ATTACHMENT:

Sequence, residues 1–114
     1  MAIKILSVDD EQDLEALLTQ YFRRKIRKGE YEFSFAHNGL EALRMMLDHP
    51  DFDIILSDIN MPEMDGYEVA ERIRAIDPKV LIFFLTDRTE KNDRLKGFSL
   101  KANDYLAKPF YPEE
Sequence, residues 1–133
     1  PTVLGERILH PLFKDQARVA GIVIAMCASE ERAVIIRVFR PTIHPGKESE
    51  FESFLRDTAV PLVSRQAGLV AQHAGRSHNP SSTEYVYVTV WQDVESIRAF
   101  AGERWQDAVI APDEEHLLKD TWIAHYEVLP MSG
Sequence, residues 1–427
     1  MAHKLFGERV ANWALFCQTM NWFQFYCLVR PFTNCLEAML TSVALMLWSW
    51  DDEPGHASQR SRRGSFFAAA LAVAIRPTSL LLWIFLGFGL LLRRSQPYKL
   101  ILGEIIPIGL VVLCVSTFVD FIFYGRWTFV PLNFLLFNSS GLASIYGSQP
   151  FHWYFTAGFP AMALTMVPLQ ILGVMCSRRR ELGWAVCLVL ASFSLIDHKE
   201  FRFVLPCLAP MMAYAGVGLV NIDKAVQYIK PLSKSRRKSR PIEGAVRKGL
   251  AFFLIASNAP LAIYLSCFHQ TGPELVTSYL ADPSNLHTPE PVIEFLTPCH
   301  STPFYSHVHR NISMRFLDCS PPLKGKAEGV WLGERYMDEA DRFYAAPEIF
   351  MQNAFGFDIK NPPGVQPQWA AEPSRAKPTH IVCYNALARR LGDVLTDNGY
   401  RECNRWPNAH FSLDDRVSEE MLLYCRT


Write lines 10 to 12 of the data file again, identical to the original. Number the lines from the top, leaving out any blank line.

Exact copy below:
     1  MAHKLFGERV ANWALFCQTM NWFQFYCLVR PFTNCLEAML TSVALMLWSW
    51  DDEPGHASQR SRRGSFFAAA LAVAIRPTSL LLWIFLGFGL LLRRSQPYKL
   101  ILGEIIPIGL VVLCVSTFVD FIFYGRWTFV PLNFLLFNSS GLASIYGSQP